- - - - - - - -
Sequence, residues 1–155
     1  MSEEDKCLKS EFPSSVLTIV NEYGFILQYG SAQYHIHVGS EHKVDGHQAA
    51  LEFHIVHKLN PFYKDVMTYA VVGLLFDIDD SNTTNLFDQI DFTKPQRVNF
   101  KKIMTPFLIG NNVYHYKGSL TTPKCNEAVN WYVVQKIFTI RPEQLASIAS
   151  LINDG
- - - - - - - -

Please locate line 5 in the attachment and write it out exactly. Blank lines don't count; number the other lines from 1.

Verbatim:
   151  LINDG